A leading aviation expert says Australian airports are a “national embarrassment” riddled by congestion and poor pedestrian access compared with international world-class airports.
According to Monash University professor Greg Bamber, who has researched airline performance in Australia and overseas for more than 15 years, Australian airports needed to be redesigned to become more efficient for passengers.
“It’s a national embarrassment when passengers first enter the country. At Melbourne Airport for example, we have a lack of public transport and poor pedestrian access with passengers crossing a zebra crossing causing a traffic bottleneck,” Professor Bamber told The New Daily.
“In Sydney and Brisbane, there are extreme delays to get into the country at customs with long queues and it’s the last thing someone needs after a long-haul flight,” he said.
“There needs to be a better system in place to ease this type of congestion.”
On Thursday, it was announced that Melbourne Airport would undergo a $500 million makeover with a redeveloped four-storey Terminal 2 which will have 30 new shops, restaurants and cafes, and five new airline lounges.
But Professor Bamber said airports were too retail-focused and fee-grabbing from passengers.
“The priority seems to be retail tenants who they can extract rent from, more cars to extract parking fees and more people travelling in taxis that they can extract levies from.
“Those seem to be the priorities rather than better transport links and pedestrian access in an integrated way,” he said.
In August, the Victorian government announced it had plans to build a multi-billion-dollar underground rail loop connecting Melbourne’s western and eastern suburbs via the airport.
“The rail link should’ve been of great urgency a long time ago, and it’s going to be years before we see anything happen,” he said.
Professor Bamber said the best airports in the world in his view were Singapore Changi, Amsterdam Schiphol and Hong Kong.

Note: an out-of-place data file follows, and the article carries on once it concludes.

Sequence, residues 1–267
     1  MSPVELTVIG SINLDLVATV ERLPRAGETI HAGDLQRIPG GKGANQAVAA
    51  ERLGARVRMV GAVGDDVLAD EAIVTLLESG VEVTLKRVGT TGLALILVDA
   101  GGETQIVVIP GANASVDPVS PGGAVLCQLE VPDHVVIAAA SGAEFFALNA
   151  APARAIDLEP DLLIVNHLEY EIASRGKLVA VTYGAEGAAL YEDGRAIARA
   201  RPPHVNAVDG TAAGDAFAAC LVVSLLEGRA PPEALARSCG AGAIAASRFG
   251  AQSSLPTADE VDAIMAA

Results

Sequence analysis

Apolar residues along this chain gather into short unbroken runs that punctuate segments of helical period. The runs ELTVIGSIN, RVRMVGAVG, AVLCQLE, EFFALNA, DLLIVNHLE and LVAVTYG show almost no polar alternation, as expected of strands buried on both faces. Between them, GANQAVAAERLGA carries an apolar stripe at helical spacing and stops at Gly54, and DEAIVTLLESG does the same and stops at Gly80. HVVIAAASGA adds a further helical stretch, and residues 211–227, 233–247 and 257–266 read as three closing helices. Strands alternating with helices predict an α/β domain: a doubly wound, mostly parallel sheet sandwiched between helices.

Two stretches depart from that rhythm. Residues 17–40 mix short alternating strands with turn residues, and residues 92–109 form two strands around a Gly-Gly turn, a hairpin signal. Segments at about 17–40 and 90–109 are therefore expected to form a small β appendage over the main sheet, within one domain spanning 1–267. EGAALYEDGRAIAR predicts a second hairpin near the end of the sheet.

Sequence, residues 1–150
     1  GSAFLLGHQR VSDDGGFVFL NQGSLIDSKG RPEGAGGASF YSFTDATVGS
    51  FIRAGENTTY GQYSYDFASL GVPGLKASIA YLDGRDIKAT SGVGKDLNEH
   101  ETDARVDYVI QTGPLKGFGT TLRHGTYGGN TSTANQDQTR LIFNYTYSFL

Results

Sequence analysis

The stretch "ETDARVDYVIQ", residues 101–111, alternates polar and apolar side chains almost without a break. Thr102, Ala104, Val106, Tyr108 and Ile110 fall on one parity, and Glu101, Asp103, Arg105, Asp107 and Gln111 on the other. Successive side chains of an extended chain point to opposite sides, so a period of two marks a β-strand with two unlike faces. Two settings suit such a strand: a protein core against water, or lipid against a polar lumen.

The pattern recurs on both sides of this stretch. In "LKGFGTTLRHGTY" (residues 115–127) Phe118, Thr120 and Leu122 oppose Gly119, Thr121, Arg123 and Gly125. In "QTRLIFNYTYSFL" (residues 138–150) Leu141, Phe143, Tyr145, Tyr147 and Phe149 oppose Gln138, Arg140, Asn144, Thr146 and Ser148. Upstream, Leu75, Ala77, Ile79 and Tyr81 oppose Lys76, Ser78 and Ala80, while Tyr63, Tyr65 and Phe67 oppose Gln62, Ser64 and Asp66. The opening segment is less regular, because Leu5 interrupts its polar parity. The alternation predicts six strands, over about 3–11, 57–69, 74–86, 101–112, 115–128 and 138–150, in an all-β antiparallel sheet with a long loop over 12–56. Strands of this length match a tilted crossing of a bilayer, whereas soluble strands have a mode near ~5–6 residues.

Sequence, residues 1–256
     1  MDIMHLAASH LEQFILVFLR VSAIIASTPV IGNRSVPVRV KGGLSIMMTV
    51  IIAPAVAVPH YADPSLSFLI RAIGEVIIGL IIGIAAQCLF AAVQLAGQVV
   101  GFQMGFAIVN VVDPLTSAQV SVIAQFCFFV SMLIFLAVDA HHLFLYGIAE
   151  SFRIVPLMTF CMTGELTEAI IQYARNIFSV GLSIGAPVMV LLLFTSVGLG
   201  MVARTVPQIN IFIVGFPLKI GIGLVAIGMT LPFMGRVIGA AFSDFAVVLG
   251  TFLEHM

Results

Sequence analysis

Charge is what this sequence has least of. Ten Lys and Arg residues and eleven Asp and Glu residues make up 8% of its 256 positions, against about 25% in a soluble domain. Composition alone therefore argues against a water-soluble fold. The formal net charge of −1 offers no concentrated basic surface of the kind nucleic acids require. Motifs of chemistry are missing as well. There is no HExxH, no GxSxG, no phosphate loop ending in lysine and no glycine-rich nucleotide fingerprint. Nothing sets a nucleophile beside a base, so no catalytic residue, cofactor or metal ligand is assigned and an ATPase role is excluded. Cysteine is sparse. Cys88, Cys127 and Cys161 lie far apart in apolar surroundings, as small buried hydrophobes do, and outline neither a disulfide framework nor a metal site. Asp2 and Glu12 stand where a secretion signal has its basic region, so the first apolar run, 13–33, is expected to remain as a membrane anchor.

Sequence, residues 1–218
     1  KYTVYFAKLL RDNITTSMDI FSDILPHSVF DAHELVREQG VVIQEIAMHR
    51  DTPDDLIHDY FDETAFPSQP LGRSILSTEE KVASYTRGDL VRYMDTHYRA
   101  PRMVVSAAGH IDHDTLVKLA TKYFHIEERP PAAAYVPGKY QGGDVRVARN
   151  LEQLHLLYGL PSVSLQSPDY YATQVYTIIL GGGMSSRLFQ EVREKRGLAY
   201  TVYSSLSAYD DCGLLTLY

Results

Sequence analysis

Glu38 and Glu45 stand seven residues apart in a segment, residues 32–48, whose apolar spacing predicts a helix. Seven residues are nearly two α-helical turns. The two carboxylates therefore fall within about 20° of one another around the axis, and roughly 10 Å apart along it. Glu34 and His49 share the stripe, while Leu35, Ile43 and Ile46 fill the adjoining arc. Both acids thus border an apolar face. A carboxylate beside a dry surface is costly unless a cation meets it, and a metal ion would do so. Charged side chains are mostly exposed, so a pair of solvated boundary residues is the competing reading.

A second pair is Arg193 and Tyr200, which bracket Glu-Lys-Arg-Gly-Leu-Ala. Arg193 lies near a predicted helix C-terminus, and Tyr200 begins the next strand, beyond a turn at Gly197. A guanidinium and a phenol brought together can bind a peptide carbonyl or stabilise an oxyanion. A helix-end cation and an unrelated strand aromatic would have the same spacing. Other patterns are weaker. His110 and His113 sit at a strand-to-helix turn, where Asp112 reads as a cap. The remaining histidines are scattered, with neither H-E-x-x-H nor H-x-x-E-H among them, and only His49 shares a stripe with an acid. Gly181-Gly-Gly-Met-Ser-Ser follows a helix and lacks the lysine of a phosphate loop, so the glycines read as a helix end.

“These are modern integrated airports that have multiple transport access close to freeways and public transport. They’re all efficient and effective,” he said.
Dr Peter Bruce, airline operations expert at Swinburne University, said Melbourne Airport should implement better pedestrian access as a priority.
“I can’t figure out why passengers have to cross car and bus lanes stopping traffic, and traffic has to stop to let passengers and bags cross all the time.
“I always wonder why passenger drop off and pickup isn’t underneath. stopping this conflict,” Dr Bruce told The New Daily.
He said with a train station on the cards, it would be the perfect opportunity to amalgamate a transport network underneath and introduce a forecourt and retail area above.
Phillip McConnell, lecturer in aviation at Swinburne University, said car rentals needed to be completely separated from airports in Australia.
“If you’re at Seattle or San Francisco airports, you take a monorail to an off-airport car rental facility which eases congestion and takes away the hassle of picking up and dropping off a car,” Mr McConnell told The New Daily.
Airline Intelligence Research managing director and former Qantas chief economist Dr Tony Webber said the best airports around the world had efficient transport networks.
“One of the best airports in the world is Denver Airport which is similarly structured to Zürich Airport, where you actually catch a train to the airport and another one to check-in,” Dr Webber told The New Daily.
“When you don’t have a train system, there’s so much congestion on the surface area leading in and out of the airports and it’s so horrific,” he said.
The annual Skytrax world’s best airport rankings in 2018 rated Singapore Changi, Incheon (South Korea), Tokyo Haneda, Hong Kong and Doha Hamad as the top five, while Sydney was ranked 20 and Melbourne was ranked 27.
A spokesperson for the Department of Infrastructure, Transport and Regional Development told The New Daily as part of the masterplans, airport lessee companies were required to consider and plan for the future needs of users at airports.
“This includes providing a ground transport plan which focuses on road network access, facilities for moving people and freight at the airport and linkages between on-airport facilities and transport links off-airport,” the spokesperson said.